Deleting a Redis Key After a Certain Time in Java (Detailed Guide w/ Code Examples)

Use Case(s)

  1. Session management in web applications: If you want to automatically log out users after a certain period of inactivity.
  2. Caching: To keep data available for a specific period, after which it should be re-fetched or calculated.

Code Examples

Let’s use Jedis, a popular Java client for Redis. You can add keys that expire by using the pexpire (with time in milliseconds) or expire (with time in seconds) commands.

Here's an example of setting a key with an expiration time:

import redis.clients.jedis.Jedis; Jedis jedis = new Jedis('localhost'); jedis.set('key', 'value'); jedis.expire('key', 60); // The key will be deleted after 60 seconds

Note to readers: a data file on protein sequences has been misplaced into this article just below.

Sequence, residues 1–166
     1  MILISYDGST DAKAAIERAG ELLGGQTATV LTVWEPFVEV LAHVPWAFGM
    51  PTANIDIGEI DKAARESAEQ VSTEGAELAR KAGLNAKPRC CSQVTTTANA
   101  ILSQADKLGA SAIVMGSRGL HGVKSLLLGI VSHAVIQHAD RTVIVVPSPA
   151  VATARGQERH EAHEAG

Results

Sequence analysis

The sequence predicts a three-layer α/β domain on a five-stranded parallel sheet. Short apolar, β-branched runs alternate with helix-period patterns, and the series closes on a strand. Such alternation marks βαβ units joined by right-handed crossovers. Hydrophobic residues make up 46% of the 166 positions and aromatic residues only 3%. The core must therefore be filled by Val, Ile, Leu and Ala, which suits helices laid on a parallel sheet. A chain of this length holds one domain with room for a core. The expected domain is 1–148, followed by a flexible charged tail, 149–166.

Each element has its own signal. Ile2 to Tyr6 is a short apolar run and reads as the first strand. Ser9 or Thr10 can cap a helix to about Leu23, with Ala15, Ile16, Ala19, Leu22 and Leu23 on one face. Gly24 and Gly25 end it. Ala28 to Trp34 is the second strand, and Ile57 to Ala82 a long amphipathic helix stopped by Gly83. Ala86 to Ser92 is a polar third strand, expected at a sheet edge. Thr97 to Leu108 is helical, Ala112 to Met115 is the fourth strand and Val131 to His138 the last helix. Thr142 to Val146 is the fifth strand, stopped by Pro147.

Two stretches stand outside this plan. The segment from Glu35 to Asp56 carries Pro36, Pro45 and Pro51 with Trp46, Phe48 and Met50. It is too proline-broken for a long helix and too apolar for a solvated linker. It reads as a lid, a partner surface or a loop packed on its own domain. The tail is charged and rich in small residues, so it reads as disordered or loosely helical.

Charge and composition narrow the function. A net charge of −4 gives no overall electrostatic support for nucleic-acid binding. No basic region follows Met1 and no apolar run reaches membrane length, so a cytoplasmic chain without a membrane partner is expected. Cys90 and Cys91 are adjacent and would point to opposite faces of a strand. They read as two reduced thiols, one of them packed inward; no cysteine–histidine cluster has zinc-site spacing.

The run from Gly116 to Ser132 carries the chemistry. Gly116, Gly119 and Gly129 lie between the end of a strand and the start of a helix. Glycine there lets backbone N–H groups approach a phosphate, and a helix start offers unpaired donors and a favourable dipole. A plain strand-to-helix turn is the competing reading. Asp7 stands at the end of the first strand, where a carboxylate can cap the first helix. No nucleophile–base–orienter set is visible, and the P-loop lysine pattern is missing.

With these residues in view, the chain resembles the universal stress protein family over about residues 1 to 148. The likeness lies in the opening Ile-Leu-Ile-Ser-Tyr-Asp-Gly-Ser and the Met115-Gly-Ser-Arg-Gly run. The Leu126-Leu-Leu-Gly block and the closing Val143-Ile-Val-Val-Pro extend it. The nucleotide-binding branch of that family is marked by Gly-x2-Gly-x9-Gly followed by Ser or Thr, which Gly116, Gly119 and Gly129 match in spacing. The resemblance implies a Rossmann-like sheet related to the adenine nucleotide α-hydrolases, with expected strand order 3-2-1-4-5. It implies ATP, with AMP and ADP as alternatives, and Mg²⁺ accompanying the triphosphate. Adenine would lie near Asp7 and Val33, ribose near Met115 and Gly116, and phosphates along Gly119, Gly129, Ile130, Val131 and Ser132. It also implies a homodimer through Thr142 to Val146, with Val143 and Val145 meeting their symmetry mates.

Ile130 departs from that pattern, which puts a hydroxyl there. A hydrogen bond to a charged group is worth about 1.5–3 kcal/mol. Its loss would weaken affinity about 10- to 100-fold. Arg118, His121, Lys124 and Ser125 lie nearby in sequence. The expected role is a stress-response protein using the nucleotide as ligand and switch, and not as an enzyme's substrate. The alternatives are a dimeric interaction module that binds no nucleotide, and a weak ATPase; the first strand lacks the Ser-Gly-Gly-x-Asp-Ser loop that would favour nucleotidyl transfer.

And here's another example using pexpire:

import redis.clients.jedis.Jedis; Jedis jedis = new Jedis('localhost'); jedis.set('key', 'value'); jedis.pexpire('key', 60000); // The key will be deleted after 60000 milliseconds (60 seconds)

Best Practices

  • Avoid setting very short expiration times as it might lead to the key getting expired before your application gets a chance to read it.
  • Use meaningful and consistent key names to avoid accidentally deleting wrong keys.

Common Mistakes

  • Not handling the case when the Redis server is down. Always wrap your code in try-catch blocks and handle exceptions properly.
  • Setting an expiration time on a key that already has an expiry could potentially lead to unexpected results if not managed correctly.


Q: What happens if I try to access a key after its set expiration time?

A: If a key is accessed after its set expiration time, Redis would have already automatically deleted it. Therefore, it will appear as if the key does not exist.

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